There is a song on Kimberly Kelly's new album that's as good as any released in 2022 at introducing an artist. "Some Things Have a Name" is a fiddle and steel-backed, mid-tempo Texas swinger that doesn't play pretty with allusion and metaphor.

"When you fall into her arms / Darling that's called cheatin' / When I start walking out that door / Baby that's called leavin'," Kelly sings, casually.

“That’s how I speak,” she tells Taste of Country, smiling as she talks about the straightforward message, one of her favorite songs on I'll Tell You What's Gonna Happen (Show Dog and Thirty Tigers). Bob DiPiero and Troy Johnson wrote the song — there's no shortage of venerable songwriters on this debut LP, a testament to the Nashville community's belief in her.

“It was just the lyrics, and also the melody and the music sounded very traditional, so I obviously loved that.”

Show Dog / Thirty Tigers

Kelly is proudly country to the point that she'll joke about being part of a new sub-genre of country music, called "country music." A thumbnail sketch of her career ("I've gotta condense a very large thumbnail") finds her playing the Texas scene for years. This means weekend bar gigs, fairs, festivals, 12-passenger vans and trailers for not enough money to get by. Her sister Kristen Kelly ("He Loves to Make Me Cry") signed a record deal with Arista Records about a decade ago, so she followed her to Nashville to sing backup for her at concerts. Still, she was putting a master's degree in speech pathology to work in schools and nursing homes.

"I was about ready to quit, and I made one last EP, and that’s what got me signed to Show Dog," she shares.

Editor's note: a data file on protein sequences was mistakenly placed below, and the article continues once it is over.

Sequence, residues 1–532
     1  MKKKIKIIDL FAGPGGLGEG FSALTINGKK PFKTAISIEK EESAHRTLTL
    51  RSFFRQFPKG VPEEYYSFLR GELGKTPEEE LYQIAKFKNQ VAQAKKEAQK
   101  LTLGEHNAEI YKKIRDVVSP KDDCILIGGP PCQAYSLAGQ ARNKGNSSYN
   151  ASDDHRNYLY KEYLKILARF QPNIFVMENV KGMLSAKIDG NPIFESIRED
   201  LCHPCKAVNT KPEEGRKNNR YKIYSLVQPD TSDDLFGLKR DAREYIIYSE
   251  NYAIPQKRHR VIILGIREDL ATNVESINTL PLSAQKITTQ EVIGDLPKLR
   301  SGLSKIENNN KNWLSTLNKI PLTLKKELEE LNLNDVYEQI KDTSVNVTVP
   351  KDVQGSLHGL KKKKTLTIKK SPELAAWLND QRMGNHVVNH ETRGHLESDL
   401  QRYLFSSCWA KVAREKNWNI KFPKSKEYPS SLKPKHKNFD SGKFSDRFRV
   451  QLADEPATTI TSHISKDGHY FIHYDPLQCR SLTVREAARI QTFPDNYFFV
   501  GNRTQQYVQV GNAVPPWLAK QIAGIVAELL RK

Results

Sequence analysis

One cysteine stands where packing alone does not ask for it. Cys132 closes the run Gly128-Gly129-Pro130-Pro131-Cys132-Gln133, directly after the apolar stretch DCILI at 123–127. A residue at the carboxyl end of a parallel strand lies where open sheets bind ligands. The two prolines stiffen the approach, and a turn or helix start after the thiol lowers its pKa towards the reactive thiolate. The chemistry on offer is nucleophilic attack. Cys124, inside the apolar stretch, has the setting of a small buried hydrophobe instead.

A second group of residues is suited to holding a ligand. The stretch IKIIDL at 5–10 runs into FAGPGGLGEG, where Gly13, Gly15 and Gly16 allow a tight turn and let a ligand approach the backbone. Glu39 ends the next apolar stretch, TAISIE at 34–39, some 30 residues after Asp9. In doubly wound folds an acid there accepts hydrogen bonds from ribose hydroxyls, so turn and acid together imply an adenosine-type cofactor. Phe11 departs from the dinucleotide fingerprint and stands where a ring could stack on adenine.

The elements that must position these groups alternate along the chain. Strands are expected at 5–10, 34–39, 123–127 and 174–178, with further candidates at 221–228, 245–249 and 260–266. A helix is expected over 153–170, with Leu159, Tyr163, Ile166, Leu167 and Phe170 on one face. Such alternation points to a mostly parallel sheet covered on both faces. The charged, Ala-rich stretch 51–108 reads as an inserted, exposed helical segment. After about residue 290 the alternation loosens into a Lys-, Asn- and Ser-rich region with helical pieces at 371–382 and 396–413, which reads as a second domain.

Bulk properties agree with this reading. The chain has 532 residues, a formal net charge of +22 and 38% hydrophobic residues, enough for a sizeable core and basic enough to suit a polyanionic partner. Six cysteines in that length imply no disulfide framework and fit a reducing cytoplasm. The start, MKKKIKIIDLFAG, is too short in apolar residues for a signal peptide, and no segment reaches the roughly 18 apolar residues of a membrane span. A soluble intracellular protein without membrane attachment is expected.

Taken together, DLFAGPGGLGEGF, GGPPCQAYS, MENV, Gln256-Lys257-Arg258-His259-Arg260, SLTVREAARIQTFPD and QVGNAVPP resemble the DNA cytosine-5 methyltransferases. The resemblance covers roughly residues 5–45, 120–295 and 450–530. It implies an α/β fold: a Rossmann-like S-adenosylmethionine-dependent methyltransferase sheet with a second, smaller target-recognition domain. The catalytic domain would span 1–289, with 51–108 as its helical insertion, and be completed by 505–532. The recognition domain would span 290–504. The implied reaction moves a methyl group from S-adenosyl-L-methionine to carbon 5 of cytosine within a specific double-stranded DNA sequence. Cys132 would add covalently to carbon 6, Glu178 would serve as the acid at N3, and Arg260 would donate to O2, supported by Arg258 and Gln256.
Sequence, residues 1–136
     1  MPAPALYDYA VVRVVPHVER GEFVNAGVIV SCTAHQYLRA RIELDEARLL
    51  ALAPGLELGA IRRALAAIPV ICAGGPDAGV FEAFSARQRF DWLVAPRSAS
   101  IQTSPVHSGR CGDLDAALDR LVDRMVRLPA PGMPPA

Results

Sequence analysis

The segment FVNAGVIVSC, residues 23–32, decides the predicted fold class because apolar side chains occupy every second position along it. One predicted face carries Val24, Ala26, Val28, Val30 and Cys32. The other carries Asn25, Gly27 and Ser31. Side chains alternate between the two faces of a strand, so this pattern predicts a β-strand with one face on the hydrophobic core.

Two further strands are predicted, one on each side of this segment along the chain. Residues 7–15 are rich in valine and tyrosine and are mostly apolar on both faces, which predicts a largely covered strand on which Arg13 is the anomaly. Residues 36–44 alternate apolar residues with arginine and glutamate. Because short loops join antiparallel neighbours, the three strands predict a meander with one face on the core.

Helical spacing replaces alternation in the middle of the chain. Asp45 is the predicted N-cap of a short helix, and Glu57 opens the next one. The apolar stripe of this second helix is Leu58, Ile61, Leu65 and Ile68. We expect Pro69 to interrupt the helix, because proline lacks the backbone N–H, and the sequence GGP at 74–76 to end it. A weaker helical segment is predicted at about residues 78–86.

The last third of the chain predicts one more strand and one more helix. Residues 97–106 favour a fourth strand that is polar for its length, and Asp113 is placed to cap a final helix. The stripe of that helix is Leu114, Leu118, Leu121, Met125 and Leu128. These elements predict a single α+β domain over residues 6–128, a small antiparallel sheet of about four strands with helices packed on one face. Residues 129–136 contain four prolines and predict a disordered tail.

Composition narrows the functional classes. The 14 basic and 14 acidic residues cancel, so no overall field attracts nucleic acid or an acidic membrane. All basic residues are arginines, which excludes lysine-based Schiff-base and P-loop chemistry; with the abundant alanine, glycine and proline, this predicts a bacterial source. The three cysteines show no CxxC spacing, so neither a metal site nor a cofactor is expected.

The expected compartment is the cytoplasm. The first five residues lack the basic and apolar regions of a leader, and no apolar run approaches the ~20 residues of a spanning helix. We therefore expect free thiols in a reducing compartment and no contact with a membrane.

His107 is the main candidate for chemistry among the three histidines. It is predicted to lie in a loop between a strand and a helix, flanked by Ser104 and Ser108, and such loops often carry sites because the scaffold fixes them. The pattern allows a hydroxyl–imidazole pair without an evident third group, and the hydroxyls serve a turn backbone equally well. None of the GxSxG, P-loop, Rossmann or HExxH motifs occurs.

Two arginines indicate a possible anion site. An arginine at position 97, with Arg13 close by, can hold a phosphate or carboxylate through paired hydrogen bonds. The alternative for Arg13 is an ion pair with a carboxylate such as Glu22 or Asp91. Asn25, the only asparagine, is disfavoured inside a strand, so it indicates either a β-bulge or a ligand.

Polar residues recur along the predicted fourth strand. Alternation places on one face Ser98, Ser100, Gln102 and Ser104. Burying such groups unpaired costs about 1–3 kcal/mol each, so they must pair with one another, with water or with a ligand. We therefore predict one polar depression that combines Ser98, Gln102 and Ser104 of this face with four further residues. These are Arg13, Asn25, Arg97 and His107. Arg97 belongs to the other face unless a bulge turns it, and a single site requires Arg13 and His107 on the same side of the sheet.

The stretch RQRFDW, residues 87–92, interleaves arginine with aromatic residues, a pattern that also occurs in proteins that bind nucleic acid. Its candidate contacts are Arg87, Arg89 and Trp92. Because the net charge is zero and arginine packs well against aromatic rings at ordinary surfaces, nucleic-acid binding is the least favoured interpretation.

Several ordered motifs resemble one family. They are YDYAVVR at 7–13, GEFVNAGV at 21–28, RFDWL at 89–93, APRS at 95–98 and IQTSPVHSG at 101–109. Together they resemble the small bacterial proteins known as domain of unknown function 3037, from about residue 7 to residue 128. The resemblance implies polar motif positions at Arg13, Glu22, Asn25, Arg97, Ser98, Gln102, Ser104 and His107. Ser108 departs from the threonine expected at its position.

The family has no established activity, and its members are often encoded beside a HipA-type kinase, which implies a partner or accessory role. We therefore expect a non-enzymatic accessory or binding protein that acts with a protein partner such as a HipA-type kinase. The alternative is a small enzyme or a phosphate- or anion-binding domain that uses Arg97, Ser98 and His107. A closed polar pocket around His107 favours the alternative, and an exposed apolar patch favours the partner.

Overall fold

The 12 songs on I'll Tell You ... form a picture of a strong, confident woman, but there's nuance. "Forget the Alamo" finds a vulnerable woman asking a man to come back, with the weep of a steel guitar adding pain to "Forget the Alamo / Remember me." The song is almost literally the opposite of an acoustic ballad called "I Remember That Woman," where Kelly takes pity on a woman broken-hearted at the bar.

There's strength in the vulnerability, she'll say when pressed one what one may naively perceive as contradiction. Strong, confident women are not strong and confident every minute of every day. This is what the 12 songs add up to.

“Which, I didn’t really set out to do that," she shares, "but I feel like that’s where I’m at in my life, and I’m proud of that."

Kelly is proudly country to the point that she'll joke about being part of a new sub-genre of country music, called "country music."

It took some time to get there. Kelly credits her sister with helping her find the confidence to face an audience night after night. In the shadows of the stage, she learned that fans who paid to see Brad Paisley or Rascal Flatts weren't looking to be critical. In fact, the opposite was true.

"As time went on, you just get more comfortable in that background role, and I was able to watch the audience,” she says. "I was able to see a crowd, they’re there just to have a good time and they’re willing to go anywhere that you want to take them as an artist."

Kelly will finish up a residency at the Basement East in Nashville in July and head home to Texas for a trio of shows across the state. The stage is now where she's most comfortable. “People will forget what you said but remember how you make them feel,” she says.

The woman who was once ready to quit actually did in May. After years of hard work, she was able to set aside the full-time job that filled her gas tank for the one that fills her heart.

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